Jockey Vitek, 36, Succumbs to Leukemia
Jockey Justin Vitek, a native of Wallace, Texas, who found his greatest success on Midwest circuits, succumbed to acute myelogenous leukemia on the morning of Jan. 28 at the M.D. Anderson Cancer Center in Houston. He was 36.
Vitek, who was diagnosed with the rare and rapidly-progressing form of blood cancer in February 2008, had battled to maintain the riding career he launched in 1993 at Sunland Park in New Mexico. He returned from multiple chemotherapy and stem cell treatments in 2009 to ride in four races at Turfway Park in Florence, Ky., but suffered a relapse and had been in declining health for several months before his death.
Those who knew Vitek remembered him as a determined competitor who loved the racing industry. From 8,205 career mounts at tracks across the country, he had 763 winners with earnings of more than $9.88 million. His biggest victory came aboard the Paul McGee-trained Miss Pickums in the 2000 edition of the Golden Rod Stakes (gr. II) at Churchill Downs.
Tom Drury, a Kentucky-based trainer who helped Vitek with his 2009 comeback, said he was inspired by the jockey’s determination and heart.
“When he made it back for this last go-round to ride the few horses he rode, three were mine and one ran in Frankie Brothers’ name,” Drury said. “He was pretty well-convinced that he was going to ride again, and if he was going to stop he was going to stop on his terms. That within itself just says so much about his character. He was the kind of rider that every time you threw him up on a horse, you knew you were going to get 110%. He was competitive; you knew he was there to win races. When he got the right opportunity and the right horse he was going to come running and get the job done for you. He was a good, solid, all-around rider, and not only that, but he was a genuinely good person, very kind-hearted.”
Brothers, who remembered Vitek as "a prince of a guy" and a talented rider, was also amazed at the rider's tenacity and dedication as he fought his way back into race riding.
"He was like a lot of guys who probably didn’t get as many opportunities as he should have," Brothers said. "He was a hard worker, he loved the horses tremendously, and you wouldn’t have thought he’d get strong enough after the chemo, but he just kept coming out every morning. He just tried his damndest to get there every day, and I have a great amount of respect for him. He loved the horses as much as anybody. It was his life.”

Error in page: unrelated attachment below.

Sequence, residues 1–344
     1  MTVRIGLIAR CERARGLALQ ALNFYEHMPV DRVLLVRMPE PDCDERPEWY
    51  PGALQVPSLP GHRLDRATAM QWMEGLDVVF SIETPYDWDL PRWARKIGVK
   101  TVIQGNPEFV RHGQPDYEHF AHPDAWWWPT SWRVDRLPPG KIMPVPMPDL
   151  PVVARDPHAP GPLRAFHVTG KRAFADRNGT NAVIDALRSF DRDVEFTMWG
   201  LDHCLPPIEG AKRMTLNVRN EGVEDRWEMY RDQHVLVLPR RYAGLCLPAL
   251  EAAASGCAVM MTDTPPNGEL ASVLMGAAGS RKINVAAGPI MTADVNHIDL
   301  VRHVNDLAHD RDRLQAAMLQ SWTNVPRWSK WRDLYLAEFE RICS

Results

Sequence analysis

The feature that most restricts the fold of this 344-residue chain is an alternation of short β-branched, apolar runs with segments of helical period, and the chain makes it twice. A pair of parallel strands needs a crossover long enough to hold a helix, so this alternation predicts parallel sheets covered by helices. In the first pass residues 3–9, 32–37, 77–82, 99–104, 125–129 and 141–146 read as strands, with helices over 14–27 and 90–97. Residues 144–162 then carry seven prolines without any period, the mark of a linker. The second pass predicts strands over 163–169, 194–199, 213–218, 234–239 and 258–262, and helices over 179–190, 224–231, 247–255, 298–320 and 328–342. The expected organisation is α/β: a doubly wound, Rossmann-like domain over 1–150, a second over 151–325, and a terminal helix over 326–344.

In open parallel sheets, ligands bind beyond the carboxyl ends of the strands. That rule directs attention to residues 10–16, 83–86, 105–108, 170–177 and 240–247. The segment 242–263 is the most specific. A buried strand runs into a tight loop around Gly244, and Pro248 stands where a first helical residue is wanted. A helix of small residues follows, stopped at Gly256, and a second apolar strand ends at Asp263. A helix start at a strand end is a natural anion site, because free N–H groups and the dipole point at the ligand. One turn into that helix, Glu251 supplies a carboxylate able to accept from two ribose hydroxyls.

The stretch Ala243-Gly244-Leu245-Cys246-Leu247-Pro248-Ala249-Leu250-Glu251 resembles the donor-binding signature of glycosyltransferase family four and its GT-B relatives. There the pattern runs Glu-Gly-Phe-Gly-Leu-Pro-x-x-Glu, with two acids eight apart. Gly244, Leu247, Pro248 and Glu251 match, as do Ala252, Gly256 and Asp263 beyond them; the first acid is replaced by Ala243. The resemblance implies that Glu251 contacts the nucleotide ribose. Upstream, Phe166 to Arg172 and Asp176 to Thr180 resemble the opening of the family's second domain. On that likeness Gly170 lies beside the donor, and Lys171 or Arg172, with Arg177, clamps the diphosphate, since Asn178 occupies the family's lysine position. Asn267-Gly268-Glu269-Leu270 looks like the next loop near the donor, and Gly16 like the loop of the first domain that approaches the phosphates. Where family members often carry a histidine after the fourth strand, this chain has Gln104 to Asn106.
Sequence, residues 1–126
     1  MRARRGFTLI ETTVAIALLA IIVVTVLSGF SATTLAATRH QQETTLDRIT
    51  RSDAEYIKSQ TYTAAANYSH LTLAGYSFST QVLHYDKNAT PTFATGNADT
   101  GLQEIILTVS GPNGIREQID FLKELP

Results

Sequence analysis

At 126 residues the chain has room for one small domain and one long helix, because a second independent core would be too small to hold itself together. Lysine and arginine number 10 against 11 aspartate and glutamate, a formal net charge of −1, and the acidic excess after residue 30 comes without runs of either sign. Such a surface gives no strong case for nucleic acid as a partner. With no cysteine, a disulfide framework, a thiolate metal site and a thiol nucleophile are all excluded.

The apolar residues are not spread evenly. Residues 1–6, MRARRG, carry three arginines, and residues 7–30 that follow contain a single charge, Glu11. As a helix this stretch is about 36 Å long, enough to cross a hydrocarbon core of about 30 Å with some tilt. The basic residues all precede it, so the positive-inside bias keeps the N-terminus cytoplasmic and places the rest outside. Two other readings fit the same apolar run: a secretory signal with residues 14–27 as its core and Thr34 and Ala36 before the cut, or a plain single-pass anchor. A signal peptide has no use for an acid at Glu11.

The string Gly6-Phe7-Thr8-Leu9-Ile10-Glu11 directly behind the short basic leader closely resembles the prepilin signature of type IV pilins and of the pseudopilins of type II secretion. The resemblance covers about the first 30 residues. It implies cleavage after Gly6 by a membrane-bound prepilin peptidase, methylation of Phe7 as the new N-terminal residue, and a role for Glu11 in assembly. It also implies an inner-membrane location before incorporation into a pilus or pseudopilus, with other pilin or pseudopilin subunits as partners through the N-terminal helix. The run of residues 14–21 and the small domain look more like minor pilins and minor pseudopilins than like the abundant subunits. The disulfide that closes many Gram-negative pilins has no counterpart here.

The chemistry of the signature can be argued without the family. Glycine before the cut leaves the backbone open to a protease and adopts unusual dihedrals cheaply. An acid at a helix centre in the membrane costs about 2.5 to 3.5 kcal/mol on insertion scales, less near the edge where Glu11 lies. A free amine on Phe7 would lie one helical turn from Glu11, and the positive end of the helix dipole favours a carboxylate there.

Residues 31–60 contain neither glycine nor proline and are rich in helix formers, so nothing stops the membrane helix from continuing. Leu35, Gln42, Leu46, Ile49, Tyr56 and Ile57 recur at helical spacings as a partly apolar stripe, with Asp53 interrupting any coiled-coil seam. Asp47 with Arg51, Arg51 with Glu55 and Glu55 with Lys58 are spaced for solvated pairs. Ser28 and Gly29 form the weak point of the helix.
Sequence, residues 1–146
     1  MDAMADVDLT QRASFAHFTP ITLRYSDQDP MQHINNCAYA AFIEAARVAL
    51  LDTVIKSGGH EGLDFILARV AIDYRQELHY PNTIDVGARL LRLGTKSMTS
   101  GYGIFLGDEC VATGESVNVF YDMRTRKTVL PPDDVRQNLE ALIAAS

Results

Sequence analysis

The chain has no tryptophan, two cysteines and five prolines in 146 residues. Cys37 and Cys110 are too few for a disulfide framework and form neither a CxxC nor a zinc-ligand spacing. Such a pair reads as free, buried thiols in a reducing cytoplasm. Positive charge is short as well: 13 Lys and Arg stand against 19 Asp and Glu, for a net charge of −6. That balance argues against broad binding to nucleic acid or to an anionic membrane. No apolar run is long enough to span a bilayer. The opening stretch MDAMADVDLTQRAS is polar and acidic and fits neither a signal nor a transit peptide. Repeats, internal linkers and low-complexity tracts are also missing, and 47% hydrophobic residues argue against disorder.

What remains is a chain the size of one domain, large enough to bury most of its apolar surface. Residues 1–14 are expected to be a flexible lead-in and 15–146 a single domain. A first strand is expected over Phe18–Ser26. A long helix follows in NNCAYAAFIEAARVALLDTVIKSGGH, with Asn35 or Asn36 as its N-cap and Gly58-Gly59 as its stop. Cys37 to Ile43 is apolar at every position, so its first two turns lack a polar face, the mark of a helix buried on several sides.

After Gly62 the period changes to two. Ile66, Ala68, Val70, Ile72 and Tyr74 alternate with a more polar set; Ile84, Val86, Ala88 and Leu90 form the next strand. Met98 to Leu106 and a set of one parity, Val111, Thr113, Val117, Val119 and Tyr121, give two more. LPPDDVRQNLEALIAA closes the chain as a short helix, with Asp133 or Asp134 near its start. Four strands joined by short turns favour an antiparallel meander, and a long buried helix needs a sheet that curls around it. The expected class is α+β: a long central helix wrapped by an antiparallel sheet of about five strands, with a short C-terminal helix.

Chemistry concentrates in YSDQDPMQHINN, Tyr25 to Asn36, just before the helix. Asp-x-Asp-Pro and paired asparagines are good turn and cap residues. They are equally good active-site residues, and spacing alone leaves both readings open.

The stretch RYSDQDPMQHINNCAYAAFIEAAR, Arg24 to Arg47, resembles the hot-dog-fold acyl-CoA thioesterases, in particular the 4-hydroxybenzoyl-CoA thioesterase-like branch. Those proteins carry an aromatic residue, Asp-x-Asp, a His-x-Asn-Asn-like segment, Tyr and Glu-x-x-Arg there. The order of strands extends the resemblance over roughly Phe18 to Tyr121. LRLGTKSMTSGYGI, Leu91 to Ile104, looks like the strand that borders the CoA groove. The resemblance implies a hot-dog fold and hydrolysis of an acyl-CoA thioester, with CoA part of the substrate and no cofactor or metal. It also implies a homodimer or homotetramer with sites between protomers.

Jockey James Lopez attributed Vitek's strong will to a boundless love for the sport.
“He loved to ride, he was a really good rider, and he loved the game and the loved the people that were in it," said Lopez. "When he came back in 2009 I was in Tampa but I talked to him on a day-to-day basis and it was a struggle. At first he would get on a horse and it’d take him half an hour to recover and get his legs back to get on another horse. So it was a slow process but like I said he loved the game. I knew he would make it back to ride but it broke my heart because I knew he was struggling, and I didn’t think he would ride for very long. I used to tell him he had more heart than sense."
Besides a strong will to ride and compete, Vitek was known for his generous and positive spirit.
"He’d give you the shirt off his back, and if it was his last one he’d still give it to you,” said Lopez. “Anything and everything he could do for you, he’d do it.”
“He was like family to us; the kindest, gentlest guy you’d ever meet, gracious and polite, thankful for everything,” said Jeff Johnston, regional representative for the Jockeys’ Guild. Vitek would stay with Johnson when he rode at River Downs or Turfway Park.
“He was very solid, great to ride with,” said Hall of Fame rider Pat Day. “He was very courteous, had good hands on a horse, and really made no mistakes. He was always a competitor but conducted himself well in the jocks’ room. He was always friendly, always upbeat, always had a smile on his face. You knew he enjoyed what he was doing.”
Vitek is survived by his 6-year-old daughter Bree and his mother Kelly. A memorial service will also be held in the near future at Turfway.
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